It is a great honor for me to receive this Lifetime Achievement Award from the Women's International Film & Television Showcase, it only saddens me that my husband, Tony Blanco, cannot be with me to share this moment, as he would be as honored and proud as I am.
I congratulate you on the beautiful initiative to support and celebrate the dedication, passion and integrity of women in film everywhere, and I thank TheWIFTS Board for considering me worthy of this precious award. I am very sorry to be unable to receive it in person. Thank you!
THE WOMEN'S INTERNATIONAL FILM & TELEVISION SHOWCASE
DEC 5th 2015 WEST HOLLYWOOD
Passion & Integrity Commerce & Creativity Equality Not Hierarchy
Romola Garai -
The Barbara Tipple Best Actress Award
Romola Garai Actress - Writer - Director
For her strongly-held outspoken views, her belief in the need to continually challenge the inequality that exists in society, and her choice of roles across film, television and the theatre, Romola Garai is the recipient of TheWIFTS 2015 Barbara Tipple Best Actress Award.
In 2012, Romola Garai wrote, directed and starred in Scrubber, her first short film for which she won Best Female Character at the London Short Film Festival (UK) 2013.
Romola Garai is fervently committed to the practice and implementation of gender equality across society. She expounds that actresses are in a vulnerable position in the film and television industry partly because they remain in the minority and the culture of discrimination is particularly rife on many levels in Hollywood. "Producers know that women are going to accept less money, because they have fewer roles to play. Only 30 percent of parts in film and television are for women, so you can't be as choosy."
The same, she maintains, can be said for the perpetuation of attitudes: "I work in an industry where it's still acceptable to humiliate women; you are expected to wear certain clothes because they are selling a show on the way you look. This is at its worst for young actresses. As long as films are being made by five guys who know that 'if she gets her knockers out,' this film will make $10m more, then it's not going to change."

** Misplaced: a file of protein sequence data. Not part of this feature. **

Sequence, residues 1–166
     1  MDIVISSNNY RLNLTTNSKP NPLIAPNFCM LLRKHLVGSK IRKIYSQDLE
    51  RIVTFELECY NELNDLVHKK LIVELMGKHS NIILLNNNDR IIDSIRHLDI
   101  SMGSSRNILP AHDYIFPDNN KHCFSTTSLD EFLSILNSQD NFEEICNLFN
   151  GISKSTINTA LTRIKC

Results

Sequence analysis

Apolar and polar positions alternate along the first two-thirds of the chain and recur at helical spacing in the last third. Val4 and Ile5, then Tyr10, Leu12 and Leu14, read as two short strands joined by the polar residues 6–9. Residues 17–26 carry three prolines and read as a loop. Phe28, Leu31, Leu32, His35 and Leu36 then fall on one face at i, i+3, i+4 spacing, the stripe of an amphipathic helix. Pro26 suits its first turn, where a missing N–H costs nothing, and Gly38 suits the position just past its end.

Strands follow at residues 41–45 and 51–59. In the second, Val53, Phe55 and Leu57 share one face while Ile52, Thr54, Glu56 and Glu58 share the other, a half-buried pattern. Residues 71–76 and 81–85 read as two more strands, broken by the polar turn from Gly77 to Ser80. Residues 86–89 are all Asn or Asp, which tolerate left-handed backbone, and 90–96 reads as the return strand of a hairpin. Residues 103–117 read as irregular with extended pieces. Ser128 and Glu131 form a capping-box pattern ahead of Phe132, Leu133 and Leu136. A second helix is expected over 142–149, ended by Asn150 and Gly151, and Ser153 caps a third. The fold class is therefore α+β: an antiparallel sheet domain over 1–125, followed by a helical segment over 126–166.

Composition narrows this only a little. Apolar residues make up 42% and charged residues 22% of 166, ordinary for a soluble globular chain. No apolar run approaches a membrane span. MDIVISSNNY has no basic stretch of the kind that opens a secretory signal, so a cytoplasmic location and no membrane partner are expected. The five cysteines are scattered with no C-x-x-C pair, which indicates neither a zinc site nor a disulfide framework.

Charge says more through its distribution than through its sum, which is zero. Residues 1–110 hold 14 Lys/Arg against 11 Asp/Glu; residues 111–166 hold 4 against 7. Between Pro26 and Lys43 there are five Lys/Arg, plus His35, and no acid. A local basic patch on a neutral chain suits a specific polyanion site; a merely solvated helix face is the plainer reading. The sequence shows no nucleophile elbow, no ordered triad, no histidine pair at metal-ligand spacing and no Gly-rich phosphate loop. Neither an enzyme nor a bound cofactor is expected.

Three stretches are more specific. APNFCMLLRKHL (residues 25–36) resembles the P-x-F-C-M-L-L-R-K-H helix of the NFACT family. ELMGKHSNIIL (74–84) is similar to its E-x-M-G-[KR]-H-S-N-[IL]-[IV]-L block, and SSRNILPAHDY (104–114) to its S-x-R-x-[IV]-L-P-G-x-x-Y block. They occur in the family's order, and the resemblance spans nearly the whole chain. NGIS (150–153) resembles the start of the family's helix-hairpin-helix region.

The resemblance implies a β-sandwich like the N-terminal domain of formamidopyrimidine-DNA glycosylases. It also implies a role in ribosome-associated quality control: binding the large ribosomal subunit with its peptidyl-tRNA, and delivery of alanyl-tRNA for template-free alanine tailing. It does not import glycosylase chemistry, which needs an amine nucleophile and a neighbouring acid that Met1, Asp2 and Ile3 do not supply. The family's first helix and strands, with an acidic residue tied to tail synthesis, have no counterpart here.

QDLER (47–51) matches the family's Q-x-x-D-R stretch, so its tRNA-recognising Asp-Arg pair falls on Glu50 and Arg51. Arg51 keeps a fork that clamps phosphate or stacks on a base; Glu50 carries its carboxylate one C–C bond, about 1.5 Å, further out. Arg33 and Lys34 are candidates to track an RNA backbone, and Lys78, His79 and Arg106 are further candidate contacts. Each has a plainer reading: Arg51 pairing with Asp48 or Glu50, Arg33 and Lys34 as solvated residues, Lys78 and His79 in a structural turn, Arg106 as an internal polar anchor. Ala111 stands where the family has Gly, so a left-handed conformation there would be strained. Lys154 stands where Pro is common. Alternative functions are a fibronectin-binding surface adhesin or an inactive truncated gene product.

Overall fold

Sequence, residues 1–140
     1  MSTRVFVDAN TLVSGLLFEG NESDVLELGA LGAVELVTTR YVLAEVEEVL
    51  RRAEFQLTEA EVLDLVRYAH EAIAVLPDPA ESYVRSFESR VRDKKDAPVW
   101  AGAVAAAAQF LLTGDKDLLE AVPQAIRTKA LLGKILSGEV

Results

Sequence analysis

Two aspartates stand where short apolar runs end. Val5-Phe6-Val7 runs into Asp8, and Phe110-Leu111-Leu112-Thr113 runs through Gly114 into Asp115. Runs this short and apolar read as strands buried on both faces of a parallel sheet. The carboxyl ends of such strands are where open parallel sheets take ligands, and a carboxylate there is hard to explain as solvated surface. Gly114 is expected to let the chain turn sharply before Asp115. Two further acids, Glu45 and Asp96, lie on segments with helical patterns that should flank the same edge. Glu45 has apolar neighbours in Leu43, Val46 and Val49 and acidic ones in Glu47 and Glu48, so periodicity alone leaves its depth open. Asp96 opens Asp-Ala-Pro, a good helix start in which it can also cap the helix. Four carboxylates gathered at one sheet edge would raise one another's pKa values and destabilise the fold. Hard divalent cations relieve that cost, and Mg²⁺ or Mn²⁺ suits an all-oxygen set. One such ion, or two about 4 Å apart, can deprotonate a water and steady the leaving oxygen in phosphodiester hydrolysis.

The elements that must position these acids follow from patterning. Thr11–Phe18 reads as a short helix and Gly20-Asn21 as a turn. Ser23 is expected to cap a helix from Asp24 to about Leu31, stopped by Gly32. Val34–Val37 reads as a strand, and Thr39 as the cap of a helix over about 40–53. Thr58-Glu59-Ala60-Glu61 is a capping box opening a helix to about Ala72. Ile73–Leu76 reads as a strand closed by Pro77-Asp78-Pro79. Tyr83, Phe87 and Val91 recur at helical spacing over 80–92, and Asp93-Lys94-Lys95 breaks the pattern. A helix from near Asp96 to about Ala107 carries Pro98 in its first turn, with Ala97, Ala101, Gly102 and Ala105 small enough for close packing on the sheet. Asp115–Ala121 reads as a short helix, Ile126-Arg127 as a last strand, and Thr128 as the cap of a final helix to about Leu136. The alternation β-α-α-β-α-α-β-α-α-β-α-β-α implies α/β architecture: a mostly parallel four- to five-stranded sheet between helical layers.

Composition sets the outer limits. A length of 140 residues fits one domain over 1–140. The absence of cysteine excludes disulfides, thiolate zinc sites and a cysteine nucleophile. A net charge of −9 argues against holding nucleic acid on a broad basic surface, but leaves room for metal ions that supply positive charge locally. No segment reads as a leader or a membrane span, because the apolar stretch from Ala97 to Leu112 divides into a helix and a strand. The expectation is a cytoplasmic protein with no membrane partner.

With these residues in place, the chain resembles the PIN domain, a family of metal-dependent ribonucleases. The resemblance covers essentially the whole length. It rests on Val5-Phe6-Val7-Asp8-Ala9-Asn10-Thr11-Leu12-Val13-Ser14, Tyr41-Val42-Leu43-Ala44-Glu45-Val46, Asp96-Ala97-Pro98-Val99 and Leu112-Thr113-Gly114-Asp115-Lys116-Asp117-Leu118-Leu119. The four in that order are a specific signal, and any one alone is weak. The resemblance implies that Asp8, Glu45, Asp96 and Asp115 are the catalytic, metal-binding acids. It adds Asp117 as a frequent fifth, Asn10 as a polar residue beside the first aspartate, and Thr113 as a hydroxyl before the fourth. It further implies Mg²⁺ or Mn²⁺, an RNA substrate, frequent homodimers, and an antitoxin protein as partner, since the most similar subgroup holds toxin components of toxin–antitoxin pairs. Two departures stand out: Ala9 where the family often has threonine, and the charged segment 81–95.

Garai sees working again in Hollywood as probably unlikely, as the discriminatory culture continues to exist. At the age of 21, she was cast in Dirty Dancing sequel Havana Nights. "It was the pressure they put me under to lose weight. In the Hollywood studio system you are just a commodity to sell films with. They view you as merchandise. It's not universally a rape of your liberty; some women don't have an issue with it, and controlling their body is something they do anyway. There are so many actresses who are happy to be on a diet for the rest of their lives. For me the weight thing is a metaphor for control: making women feel weak because they're so insecure, so they won't disagree with the director or studio. Women feel afraid that they're going to lose their careers, afraid of being fat or ageing."
An actor in a broad, and diverse, string of roles and a self-confessed 'bra-burning feminist', Garai is currently starring in Suffragette, the story of the Victorian women's movement. On hearing of the film from her agent, Garai comments: "I really f***ing wanted to do this film. I remember when my agent first told me, 'There's this film they're making about the Suffragettes,' I almost bit through the glass of wine in my hand."
Romola Garai's films include Daniel Deronda, I Capture the Castle, Nicholas Nickleby, Dirty Dancing: Havana Nights, Vanity Fair, Amazing Grace, and Atonement.